Otago Daily Times

Warn­ing crops could rot due to labour short­age

- ERIC FRYKBERG

WELLING­TON: A group of 14 New Zealand grow­ers, in­clud­ing at least one in Otago, has is­sued a joint warn­ing that some fruit and veg­eta­bles could rot un­har­vested this sum­mer be­cause of a short­age of peo­ple to pick them.

This could re­duce the sup­ply of pro­duce and push up prices.

The warn­ing came from farm­ers at the front­line of the loom­ing picker short­age, such as grow­ers of some veg­eta­bles, straw­ber­ries, stone fruit, cher­ries and wa­ter­mel­ons.

There have been weeks of warn­ings the Covid­19 ban on recog­nised sea­sonal em­ployer (RSE) work­ers could leave grow­ers in the lurch, de­spite months of work and thou­sands of dol­lars of in­vest­ment in get­ting the crops ready.

Last year, 14,400 RSE work­ers were ap­proved for New Zealand.

This year, the only ones avail­able are those who were un­able to go home from last year be­cause of travel re­stric­tions into their own coun­tries.

Hor­ti­cul­ture New Zealand has protested this but be­lieves a de­ci­sion will have to wait un­til af­ter the elec­tion.

Brett Heaps, who grows zuc­chi­nis near Kerik­eri, poured scorn on this.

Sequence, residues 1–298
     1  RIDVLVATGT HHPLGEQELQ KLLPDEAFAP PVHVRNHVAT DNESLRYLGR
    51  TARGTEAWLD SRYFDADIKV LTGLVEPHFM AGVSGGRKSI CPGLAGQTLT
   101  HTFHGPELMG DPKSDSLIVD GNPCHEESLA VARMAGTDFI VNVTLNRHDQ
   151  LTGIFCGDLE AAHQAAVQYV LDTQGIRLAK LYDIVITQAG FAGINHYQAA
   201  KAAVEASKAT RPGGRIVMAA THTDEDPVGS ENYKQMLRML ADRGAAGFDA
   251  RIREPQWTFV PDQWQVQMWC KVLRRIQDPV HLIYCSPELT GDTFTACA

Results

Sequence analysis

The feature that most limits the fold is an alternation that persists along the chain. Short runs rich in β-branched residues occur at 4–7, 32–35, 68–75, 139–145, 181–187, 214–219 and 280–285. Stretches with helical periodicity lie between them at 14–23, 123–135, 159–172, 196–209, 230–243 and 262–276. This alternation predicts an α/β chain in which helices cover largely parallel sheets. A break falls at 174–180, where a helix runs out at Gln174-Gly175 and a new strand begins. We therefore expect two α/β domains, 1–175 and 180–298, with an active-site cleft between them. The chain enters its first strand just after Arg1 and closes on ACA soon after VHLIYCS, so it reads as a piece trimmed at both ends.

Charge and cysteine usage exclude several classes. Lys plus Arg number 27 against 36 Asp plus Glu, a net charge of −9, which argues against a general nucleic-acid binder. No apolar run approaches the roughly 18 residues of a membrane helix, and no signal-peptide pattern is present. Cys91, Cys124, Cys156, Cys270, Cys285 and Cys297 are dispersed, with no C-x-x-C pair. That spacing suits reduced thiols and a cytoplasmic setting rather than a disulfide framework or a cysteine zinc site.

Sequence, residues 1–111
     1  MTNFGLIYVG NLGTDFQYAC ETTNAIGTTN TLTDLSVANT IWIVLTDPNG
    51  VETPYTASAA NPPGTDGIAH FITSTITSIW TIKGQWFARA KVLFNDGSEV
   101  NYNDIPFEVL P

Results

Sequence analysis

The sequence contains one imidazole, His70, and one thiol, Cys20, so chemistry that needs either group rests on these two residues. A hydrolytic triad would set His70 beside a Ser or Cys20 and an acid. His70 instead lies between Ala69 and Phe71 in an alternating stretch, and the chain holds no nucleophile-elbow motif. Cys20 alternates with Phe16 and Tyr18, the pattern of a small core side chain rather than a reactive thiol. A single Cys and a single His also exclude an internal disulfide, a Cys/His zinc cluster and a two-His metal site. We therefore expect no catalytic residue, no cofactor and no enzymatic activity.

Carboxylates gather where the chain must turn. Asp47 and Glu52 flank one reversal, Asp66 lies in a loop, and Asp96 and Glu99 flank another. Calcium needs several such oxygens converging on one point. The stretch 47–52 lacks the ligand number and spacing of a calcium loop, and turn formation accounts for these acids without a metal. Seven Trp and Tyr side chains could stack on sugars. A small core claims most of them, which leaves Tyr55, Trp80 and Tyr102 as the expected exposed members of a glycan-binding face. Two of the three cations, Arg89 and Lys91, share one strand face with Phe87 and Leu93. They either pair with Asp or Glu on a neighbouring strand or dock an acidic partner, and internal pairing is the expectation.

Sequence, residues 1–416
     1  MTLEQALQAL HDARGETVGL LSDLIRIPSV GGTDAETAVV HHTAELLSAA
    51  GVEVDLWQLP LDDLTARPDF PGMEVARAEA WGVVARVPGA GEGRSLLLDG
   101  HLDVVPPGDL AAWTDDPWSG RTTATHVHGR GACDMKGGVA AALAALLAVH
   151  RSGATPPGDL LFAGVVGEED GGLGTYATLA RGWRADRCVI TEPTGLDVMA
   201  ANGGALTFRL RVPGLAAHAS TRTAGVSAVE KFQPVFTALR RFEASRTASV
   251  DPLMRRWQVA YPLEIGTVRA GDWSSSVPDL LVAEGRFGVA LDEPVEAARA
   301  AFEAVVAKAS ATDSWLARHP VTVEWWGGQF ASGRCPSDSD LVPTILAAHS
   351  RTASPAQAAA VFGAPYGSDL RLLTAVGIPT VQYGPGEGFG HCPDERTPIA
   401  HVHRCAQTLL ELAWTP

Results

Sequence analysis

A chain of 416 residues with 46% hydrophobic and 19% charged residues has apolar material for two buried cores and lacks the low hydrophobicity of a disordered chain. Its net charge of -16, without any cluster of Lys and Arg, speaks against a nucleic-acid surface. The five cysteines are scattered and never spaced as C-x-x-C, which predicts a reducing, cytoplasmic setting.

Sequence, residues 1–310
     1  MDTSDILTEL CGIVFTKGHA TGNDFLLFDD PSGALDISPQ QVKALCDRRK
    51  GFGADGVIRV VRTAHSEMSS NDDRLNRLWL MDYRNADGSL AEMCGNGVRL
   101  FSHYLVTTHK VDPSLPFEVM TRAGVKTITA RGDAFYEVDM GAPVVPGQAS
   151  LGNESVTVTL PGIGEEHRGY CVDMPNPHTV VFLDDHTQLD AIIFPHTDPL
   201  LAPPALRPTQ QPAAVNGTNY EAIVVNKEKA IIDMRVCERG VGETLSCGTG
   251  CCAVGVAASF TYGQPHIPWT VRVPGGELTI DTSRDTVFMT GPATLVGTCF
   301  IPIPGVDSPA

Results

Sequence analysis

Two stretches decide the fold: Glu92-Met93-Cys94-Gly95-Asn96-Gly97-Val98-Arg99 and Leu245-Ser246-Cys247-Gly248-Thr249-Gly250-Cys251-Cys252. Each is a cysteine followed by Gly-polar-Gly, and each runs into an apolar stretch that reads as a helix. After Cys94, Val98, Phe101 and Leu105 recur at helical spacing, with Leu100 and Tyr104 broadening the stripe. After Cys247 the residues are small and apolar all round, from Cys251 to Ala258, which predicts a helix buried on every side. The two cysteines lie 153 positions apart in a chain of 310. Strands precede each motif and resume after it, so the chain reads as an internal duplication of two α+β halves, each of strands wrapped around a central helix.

‘‘Crops don’t wait [for an elec­tion],’’ he said.

‘‘We have got to har­vest now — it is crit­i­cal.’’

An­other signee of this warn­ing let­ter was Stephen Dar­ling, a cherry, apri­cot and ap­ple grower from Et­trick, in Cen­tral Otago.

He agreed this prob­lem could not wait.

‘‘We know the Gov­ern­ment is aware of the im­por­tance of our crops, but time is slip­ping by,’’ he said.

‘‘The need for pick­ers is now.’’

The grow­ers said in­com­ing

RSE work­ers could be put in quar­an­tine here and could be cho­sen from coun­tries with no re­ported cases of Covid in the first place.

Labour has said many times the border must be kept se­cure for the sake of pub­lic health in New Zealand.

It has also cast doubt on the re­li­a­bil­ity of the of­fi­cial Covid­free sta­tus of sev­eral states listed by the World Health Or­gan­i­sa­tion.

Pa­cific states such as Van­u­atu and the Solomon Is­lands are among them, and they tra­di­tion­ally pro­vide RSE work­ers to New Zealand.

The Na­tional Party has sup­ported the prin­ci­ple of get­ting RSE work­ers from Covid­free coun­tries.

The 14 signees of the let­ter said with­out hav­ing a core staff of ex­pe­ri­enced over­seas work­ers, the crops would not get har­vested, and con­se­quen­tial va­can­cies for New Zealan­ders with long­term jobs in the hor­ti­cul­tural in­dus­try would not be avail­able.

They also said pick­ing was often hard phys­i­cal work and un­suit­able for many of the peo­ple the Labour Party was try­ing to steer in its di­rec­tion.

They also crit­i­cised the an­nounce­ment of an in­quiry into su­per­mar­ket prices, call­ing it a hol­low prom­ise when as a re­sult of the Gov­ern­ment’s in­tran­si­gence, early crops would be left rot­ting in the ground and prices would sky­rocket due to lack of avail­abil­ity.

Ex­port mar­kets could be lost, they said.

‘‘Amer­ica’s Cup sailors can come into the coun­try; trac­tor driv­ers can come into the coun­try; film work­ers can come into the coun­try, but peo­ple who do the hard work of get­ting food to New Zealan­ders are ap­par­ently not ‘crit­i­cal’ work­ers,’’ the signees said. — RNZ

❛ Crops don’t wait

[for an elec­tion]

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